To illustrate: A few years ago a large, successful health care enterprise held a typical executive offsite. The top executives discussed good news. Revenues were steadily increasing. So, too, were margins. They discussed a strategic plan that had been developed to ensure continued growth. But then came a surprise.

“We realized,” says one top executive, “that what had gotten us this far wasn’t going to get us where we wanted to be in the future. We took a real gut check and asked, ‘What do we need to change to achieve the strategic goals we had set?’ and ‘Are we going to make the investment in those changes?’”

The answers were eye opening. It was decided that the corporate culture needed to be redesigned with a focus on patients. The corporate culture had been centered on fiscal discipline, a heritage that was valued and honored.

Centering on patients would require a transformation. It was also decided that this transformation was worth the investment of money, time and the risk involved in changing the operational values of a financially stable enterprise because the executives were smart enough to realize that the risk of staying the same was even higher.

When an organization takes that kind of risk, though, it does not take it lightly. In this case, they executed systematically, step by step.

Step 1: Conduct a cultural assessment.

A cultural assessment of custom-designed questions was used for interviews and surveys of employees from every level, function and geography in the company to reveal the current culture. This process is not unlike the ethnographic tools that design thinking relies on to reveal the needs of consumers whom designers hope to help. The assessment was conducted against the “Distinctive Elements of Corporate Culture.” The analysis and report from the survey highlighted key aspects of the culture, the aspects that would support the strategy and those that would inhibit it, and recommendations to initiate the transformation.

Step 2: Set up an office of transformation and a transformation leadership team.

They called this team “the leadership coalition.” It was composed of 40 people from across all divisions of the organization. While not every team member was dedicated full time, they allocated a set amount of time for their new roles, as if part-time jobs. A full-time transformation executive was appointed and acted as team leader. The CEO’s opening statement on the coalition’s first day was that the group was to leave their titles at the door as they drafted a new vision, a new mission statement, new corporate values and new operating practices for the company.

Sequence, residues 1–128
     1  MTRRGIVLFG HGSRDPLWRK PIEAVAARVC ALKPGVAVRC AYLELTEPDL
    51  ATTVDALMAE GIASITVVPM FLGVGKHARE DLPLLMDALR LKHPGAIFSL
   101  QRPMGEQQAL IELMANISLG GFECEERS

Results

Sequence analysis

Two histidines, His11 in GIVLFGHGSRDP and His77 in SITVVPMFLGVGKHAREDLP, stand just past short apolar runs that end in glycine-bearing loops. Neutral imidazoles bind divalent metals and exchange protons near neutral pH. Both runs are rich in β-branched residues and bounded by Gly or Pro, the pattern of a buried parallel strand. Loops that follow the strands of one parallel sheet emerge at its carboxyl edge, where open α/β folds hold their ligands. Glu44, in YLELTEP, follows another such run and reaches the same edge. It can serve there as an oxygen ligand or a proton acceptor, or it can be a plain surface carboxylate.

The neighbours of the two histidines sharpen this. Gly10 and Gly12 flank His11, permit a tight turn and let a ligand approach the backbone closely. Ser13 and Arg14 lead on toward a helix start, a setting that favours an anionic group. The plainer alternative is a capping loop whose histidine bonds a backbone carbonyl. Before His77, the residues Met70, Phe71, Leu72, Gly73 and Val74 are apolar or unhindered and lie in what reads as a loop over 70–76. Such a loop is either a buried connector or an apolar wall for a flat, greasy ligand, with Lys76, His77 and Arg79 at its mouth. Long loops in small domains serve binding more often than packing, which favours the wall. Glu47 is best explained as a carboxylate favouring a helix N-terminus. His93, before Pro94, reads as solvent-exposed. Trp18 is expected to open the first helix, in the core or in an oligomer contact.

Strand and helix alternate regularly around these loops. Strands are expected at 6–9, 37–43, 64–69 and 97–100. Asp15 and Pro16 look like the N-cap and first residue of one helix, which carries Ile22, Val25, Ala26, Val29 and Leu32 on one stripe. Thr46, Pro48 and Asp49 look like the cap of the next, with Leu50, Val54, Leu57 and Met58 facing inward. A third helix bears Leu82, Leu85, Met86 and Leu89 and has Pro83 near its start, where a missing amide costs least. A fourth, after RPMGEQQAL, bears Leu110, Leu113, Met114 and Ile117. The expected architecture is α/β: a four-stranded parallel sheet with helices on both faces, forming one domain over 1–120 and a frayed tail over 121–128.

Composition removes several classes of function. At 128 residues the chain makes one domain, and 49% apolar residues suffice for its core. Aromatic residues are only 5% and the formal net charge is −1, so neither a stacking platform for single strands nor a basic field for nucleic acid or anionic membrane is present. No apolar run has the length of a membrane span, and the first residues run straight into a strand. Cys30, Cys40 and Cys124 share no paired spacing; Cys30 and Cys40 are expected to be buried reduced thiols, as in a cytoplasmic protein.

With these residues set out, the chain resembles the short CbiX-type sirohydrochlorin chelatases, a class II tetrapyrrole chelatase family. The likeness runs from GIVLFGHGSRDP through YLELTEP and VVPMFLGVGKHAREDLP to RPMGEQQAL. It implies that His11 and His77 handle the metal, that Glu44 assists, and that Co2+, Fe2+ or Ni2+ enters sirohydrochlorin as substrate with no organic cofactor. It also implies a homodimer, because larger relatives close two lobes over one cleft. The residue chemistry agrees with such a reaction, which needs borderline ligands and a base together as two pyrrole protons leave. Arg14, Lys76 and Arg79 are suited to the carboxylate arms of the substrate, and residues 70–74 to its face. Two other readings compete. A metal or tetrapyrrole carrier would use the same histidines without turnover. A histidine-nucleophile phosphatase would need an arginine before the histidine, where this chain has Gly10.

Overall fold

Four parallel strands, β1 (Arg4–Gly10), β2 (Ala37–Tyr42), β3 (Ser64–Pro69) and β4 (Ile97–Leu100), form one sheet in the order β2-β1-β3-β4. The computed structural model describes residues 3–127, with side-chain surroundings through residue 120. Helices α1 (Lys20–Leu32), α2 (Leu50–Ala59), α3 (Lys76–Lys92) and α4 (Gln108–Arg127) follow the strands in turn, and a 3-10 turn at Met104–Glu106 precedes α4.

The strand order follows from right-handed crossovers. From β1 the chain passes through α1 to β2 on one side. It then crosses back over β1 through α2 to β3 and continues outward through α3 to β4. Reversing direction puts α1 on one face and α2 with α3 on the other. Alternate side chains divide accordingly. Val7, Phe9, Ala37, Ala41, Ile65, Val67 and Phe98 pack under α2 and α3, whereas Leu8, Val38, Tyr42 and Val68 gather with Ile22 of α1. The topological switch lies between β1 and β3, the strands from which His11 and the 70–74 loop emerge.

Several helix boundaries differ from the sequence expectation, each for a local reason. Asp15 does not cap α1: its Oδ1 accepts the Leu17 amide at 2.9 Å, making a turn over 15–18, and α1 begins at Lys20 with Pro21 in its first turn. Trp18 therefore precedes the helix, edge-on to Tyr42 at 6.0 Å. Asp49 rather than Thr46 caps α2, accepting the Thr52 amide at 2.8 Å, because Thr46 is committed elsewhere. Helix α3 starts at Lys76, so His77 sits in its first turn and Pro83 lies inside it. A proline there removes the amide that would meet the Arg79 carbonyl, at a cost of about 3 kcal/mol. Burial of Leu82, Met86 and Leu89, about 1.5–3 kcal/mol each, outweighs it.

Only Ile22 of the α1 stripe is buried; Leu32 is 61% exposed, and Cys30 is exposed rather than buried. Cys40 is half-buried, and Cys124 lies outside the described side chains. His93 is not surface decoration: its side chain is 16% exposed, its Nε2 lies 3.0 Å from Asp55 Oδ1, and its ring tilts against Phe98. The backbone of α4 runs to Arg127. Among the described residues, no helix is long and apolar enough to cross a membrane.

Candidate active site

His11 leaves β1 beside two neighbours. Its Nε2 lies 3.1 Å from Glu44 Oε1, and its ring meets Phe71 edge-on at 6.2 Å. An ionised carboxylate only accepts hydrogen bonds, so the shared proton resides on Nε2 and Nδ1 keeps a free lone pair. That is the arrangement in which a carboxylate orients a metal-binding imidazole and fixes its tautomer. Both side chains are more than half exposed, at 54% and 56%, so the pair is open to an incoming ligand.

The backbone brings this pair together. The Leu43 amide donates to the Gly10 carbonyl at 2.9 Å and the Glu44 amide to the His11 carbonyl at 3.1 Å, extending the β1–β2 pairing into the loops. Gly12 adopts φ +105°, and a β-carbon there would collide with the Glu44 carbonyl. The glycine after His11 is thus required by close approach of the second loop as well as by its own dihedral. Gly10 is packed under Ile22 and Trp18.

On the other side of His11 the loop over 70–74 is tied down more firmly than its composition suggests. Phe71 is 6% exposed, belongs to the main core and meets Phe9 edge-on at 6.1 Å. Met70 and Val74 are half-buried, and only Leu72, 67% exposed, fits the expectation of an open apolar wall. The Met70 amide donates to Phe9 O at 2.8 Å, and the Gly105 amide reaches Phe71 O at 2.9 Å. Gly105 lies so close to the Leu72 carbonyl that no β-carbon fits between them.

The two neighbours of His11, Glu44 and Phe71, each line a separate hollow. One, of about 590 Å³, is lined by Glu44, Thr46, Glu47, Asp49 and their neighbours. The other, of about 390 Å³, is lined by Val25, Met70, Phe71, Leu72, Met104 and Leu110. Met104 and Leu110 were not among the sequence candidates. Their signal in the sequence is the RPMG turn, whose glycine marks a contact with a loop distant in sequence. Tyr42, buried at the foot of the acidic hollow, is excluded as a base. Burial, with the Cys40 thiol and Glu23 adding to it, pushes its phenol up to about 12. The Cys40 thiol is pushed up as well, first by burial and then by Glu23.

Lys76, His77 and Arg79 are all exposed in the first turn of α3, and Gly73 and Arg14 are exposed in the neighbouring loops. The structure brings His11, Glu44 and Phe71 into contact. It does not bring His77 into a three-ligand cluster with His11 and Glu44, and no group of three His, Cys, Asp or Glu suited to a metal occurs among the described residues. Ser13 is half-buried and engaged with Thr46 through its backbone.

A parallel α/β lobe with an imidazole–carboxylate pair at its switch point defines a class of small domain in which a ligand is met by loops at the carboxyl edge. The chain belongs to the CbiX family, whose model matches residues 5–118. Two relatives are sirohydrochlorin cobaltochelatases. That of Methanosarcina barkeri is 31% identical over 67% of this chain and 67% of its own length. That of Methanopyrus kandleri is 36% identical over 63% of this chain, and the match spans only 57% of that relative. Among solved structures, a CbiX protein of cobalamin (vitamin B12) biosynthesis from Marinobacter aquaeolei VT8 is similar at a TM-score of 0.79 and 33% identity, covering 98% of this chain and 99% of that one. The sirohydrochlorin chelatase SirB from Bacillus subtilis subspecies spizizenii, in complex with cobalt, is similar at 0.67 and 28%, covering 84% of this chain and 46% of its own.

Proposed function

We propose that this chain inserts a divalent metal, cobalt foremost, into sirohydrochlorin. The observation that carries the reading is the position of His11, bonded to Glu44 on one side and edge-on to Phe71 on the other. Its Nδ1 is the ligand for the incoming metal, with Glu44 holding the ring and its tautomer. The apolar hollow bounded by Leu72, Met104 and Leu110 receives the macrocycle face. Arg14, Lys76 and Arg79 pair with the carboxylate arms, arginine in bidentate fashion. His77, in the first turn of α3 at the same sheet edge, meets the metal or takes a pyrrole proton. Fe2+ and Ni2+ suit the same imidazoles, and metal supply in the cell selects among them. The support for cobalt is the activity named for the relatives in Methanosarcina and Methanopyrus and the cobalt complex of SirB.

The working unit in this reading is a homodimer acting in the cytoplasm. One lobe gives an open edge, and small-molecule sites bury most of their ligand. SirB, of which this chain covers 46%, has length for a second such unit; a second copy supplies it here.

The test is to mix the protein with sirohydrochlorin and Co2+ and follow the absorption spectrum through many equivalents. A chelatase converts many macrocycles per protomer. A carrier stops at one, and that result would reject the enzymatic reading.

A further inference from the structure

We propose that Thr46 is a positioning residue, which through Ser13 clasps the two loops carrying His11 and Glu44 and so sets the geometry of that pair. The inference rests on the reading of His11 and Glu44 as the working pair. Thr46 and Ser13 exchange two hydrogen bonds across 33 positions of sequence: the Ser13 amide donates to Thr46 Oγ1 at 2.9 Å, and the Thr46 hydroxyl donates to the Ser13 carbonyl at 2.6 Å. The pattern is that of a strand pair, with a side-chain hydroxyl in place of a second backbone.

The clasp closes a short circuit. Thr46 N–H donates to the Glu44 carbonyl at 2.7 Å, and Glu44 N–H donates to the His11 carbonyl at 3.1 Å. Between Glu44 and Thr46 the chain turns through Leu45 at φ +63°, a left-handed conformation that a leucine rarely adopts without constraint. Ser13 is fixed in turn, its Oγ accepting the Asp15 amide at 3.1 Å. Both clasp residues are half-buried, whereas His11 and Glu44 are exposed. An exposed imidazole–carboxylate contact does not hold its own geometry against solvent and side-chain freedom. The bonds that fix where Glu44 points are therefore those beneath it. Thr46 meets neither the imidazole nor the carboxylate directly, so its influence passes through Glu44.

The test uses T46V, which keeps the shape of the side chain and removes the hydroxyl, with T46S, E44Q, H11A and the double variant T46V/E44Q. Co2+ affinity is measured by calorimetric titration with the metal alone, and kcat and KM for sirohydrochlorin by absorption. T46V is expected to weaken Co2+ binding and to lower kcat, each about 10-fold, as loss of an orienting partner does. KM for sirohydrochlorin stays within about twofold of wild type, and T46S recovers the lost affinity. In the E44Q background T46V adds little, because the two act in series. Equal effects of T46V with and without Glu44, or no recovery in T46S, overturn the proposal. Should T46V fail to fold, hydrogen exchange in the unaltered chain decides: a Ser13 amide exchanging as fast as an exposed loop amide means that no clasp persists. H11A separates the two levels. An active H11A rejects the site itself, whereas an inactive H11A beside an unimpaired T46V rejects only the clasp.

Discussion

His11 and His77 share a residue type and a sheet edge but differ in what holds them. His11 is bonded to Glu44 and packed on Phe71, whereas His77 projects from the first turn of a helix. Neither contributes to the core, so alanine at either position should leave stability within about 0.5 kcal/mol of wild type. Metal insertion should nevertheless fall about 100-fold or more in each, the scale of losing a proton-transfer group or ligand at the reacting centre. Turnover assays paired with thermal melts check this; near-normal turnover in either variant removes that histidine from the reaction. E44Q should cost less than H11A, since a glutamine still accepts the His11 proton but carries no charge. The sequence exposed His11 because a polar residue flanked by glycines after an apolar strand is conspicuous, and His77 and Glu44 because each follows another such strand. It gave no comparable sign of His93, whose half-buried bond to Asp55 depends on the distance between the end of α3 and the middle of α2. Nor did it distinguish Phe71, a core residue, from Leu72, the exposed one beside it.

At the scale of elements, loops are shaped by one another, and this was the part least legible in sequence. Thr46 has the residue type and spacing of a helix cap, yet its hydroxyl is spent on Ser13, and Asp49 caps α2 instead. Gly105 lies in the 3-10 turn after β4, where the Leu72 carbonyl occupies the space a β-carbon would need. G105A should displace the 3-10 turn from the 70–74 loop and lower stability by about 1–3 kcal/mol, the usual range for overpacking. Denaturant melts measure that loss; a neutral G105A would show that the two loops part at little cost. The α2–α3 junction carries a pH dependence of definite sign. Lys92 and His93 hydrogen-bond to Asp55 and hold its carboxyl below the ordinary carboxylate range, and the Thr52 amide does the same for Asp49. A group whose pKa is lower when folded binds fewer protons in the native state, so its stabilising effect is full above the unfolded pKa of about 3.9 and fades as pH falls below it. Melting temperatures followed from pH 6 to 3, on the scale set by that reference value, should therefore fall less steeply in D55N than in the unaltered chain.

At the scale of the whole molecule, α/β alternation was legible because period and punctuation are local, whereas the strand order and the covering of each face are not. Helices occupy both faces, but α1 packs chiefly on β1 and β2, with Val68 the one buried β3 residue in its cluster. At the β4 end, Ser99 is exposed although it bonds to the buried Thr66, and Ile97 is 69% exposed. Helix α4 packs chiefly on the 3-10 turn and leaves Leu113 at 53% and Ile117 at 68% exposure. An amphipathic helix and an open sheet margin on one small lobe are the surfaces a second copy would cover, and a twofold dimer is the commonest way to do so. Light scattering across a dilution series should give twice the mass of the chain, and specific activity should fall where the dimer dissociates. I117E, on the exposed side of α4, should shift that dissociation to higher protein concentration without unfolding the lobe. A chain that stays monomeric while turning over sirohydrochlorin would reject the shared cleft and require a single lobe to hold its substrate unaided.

Step 3: Set a budget and some deadlines.

Cultural transformation is neither quick nor cheap. It has hard costs and the need for sustained effort—a test of commitment, all of which should be considered carefully in advance. The company had an 18-month window for its first, most important phase of cultural transformation and allocated a specific dollar amount to make that change happen. The leadership coalition set a timeline working back from the close of the window.

Step 4: Create a team to win over the team.

An enrollment team that drew employees from all levels and functions of the organization was asked to inspire and engage the workforce to adopt the company’s new direction, even as it was being developed. These team members were trained in design thinking, effective communication and enrollment. They designed both the message and delivery methods to fit the company and its people.

“We took a real gut check and asked, ‘What do we need to change to achieve the strategic goals we had set?’ and ‘Are we going to make the investment in those changes?’”

Step 5: Create a big commitment, new capabilities and increased capacities, and lots of project teams.

This company also created a 30-person Keystone Project Team that, as its name suggests, was responsible for developing and executing a key project that would move the company to its new customer-focused goals. A keystone project is a multiyear commitment to producing critical results that can only be accomplished in the new culture. The Keystone Project Team commissioned project teams to move the keystone project forward and to deliver the intended results.

At the same time, 18 of the company’s top executives were engaged in a yearlong leadership development initiative that would give them the skills to work in an environment where collaboration was emphasized far more than it had been. As part of the leadership program, each executive designed and led a leadership project.

As one executive said, “We developed a real focus on teams. There was much less interest in executives saying, ‘How can I get this done?’ and more on, ‘How can we get this done?’”

Within the 18-month window, the initiative delivered notable change and produced remarkable results, moving the company from the middle of the pack to near the top of its industry in the three key metrics used to measure success.

Note: The first rule of management is that you tend to get what you reward; obviously, everyone knows that a reward structure is needed to support the transformation. However, the second rule of management is that you tend to get what you measure; not so obviously, as part of the infrastructure, you have to put in place a scoreboard to measure the value generated by design thinking. Otherwise, the value of design thinking is lost in the mix of overall business results.